book review

The Sentence Shows the Downside of Urgency

Photo-Illustration: Vulture; Photo by Publisher

A casual consumer of U.S. popular culture could assume Native Americans were extinct. Save some recent wins, like the Hulu series Reservation Dogs, Indigenous people have more often appeared in the American imaginary as relics of a conveniently distant past. In horror movies, the trope of the Indian burial ground is deployed as a threat to the fantasy of white suburban innocence. In the 1960s, countercultural movements adopted Native American dress and customs like peyote as markers of pre-industrial, pre-urbane simplicity. This remove is by design. As the essayist Richard Rodriguez put it in Days of Obligation, “Indians must be ghosts,” for “Indians represented permanence and continuity to Americans who were determined to call this country new.” It’s not uncommon for Americans to claim Indigenous ancestry, often with no more evidence than a great-great-grandparent with “high cheekbones” — an epidemic of self-identification that some Indigenous scholars have called “Cherokee syndrome.” Time and distance are key here: They allow for the distinction between native and settler to be collapsed, while preserving as much racial purity as possible.

This society-wide denial that indigeneity is an active living thing is what animates my anxiety as I read Louise Erdrich’s novel The Sentence, the setting of which is a Native American bookstore in a Minneapolis reeling from the pandemic and the murder of local resident George Floyd. You could read this immediacy as an act of defiance. So am I out of line for finding the book too current, for wishing it had put some distance between itself and the events of the last year?

The Sentence begins in pre-pandemic days, with the story of a Chippewa bookseller named Tookie who is being haunted by the ghost of a recently deceased customer: Flora, a white woman whom Tookie calls a “wannabee,” and who toted around a black-and-white photograph of an allegedly Native American ancestor for so long that she lost herself in an “earnest, unaccountable, persistent, self-obliterating delusion.” This is a type that Erdrich briefly and incisively skewered in her 2020 masterpiece The Night Watchman, and the prospect that we would get her fleshed-out take on the white psychodrama of racial forgery — couched within a ghost story, and just in time for spooky season — was too exciting to be believed. The first half of the novel is signature Erdrich and then some: righteously funny, magically eclectic, and refreshing in its moral clarity. But then 2020 happened, swelling up the book’s back half with scenes inspired by the pandemic, from its most mundane, panic-shopping details to its twin inflection point: the Black Lives Matter protests of last summer. Erdrich’s treatment of these moments reads as undigested. It reveals an author who believed — as many wanted to — that some seismic shift in race relations could not help but be underway.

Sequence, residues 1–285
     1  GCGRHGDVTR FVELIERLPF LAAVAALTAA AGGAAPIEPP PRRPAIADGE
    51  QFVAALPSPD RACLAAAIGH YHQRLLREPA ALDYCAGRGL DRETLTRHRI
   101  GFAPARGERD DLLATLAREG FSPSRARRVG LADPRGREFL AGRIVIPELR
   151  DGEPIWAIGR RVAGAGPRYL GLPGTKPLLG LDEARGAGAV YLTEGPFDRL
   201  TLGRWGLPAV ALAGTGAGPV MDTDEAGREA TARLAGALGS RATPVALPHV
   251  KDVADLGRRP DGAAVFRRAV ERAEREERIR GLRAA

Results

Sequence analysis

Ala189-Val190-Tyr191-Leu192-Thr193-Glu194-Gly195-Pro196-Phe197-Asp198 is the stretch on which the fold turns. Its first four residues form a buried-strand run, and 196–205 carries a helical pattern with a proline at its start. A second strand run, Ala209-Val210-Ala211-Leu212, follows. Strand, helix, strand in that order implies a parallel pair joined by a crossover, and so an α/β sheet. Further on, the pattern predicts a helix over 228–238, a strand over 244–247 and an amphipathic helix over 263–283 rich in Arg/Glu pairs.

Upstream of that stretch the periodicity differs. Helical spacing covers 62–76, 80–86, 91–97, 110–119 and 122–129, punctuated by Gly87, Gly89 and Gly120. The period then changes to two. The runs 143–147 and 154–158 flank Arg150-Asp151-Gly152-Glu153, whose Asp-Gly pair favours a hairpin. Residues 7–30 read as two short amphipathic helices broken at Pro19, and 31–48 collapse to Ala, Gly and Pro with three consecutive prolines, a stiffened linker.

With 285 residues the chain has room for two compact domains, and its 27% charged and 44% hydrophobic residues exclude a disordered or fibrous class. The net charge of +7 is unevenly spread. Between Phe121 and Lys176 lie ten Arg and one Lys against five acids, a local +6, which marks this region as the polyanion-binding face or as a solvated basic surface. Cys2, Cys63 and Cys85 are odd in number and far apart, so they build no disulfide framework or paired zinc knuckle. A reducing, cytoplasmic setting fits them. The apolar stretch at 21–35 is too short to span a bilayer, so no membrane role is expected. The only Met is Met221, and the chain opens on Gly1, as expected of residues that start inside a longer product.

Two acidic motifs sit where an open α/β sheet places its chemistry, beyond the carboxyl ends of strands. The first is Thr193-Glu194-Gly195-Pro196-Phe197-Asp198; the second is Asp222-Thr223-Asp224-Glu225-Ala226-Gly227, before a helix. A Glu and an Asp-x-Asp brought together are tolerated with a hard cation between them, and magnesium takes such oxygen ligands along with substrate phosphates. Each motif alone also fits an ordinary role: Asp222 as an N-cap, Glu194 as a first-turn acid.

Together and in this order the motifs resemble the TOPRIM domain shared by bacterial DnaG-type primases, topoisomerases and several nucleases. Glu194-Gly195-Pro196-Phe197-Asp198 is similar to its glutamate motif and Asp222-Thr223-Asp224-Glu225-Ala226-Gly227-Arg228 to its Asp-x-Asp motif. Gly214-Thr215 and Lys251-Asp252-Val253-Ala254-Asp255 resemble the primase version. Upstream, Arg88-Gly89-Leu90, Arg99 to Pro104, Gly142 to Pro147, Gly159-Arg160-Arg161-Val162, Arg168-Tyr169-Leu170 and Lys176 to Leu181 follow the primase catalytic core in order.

The word “urgent” is a favorite of book blurbers and reviewers. The Sentence has me rethinking its value. Along with Our Country Friends by Gary Shteyngart and Beautiful World, Where Are You by Sally Rooney, Erdrich’s new novel marks one of the first major works of contemporary fiction to use the pandemic and its satellite catastrophes as a setting. Shteyngart, like Boccaccio before him, uses pestilence as story frame straight away, whereas Erdrich lets us watch as it infects every cell of her pre-established narrative, with mixed results. Her book proposes that it’s time to consider how the events of the past year and a half will haunt us, but this crisis is not yet a ghost. It’s not even on its last legs.

Like any story begging for an option, The Sentence opens with a dead body. Our narrator, Tookie, has served ten years in prison for moving the corpse of her friend’s lover, a man we never meet alive named Budgie. There are extenuating circumstances involving a fruit truck, rainbow duct tape, and crack, but what ultimately incenses the judge is Tookie’s seeming disregard for the body itself. He doles out a sentence of 60 years. This seems extreme, but Tookie explains to the reader, “Native American are the most over-sentenced people currently imprisoned.” (Given the scant attention that Native Americans get in most conversations about mass incarceration, a little didactic prose can be forgiven.) In prison, Tookie is haunted by Budgie’s ghost; she hears him “hissing through his rotten teeth.” She finds refuge — from her sentence, from Budgie’s teeth, and maybe also from her own guilt — in the prison library, where she becomes a bibliophile. “The most important skill I gained in prison,” she jokes, “was how to read with murderous attention.”

This serves her well on the outside. After her sentence is commuted, she looks for work at Birchbark Books, a fictionalized version of Erdrich’s own real-life bookstore in Minneapolis, which specializes in books by and about Indigenous people. During her job interview with none other than author and proprietor Louise, Tookie, dressed in all black with a bandana and a nose ring, asks: “Who would dare not buy a book from me?” She gets the gig. The bookstore setting is intriguing. Although Erdrich sometimes falls into saccharine narratives about people who love to read, she also gets to make some well-placed jokes about autofiction and give us a backdoor peek at herself, in critic mode. For instance, on Ferrante, Tookie says: “Besides the repetitive language, my problem with (my now beloved) Elena Ferrante was her use of the winking cliff-hanger.”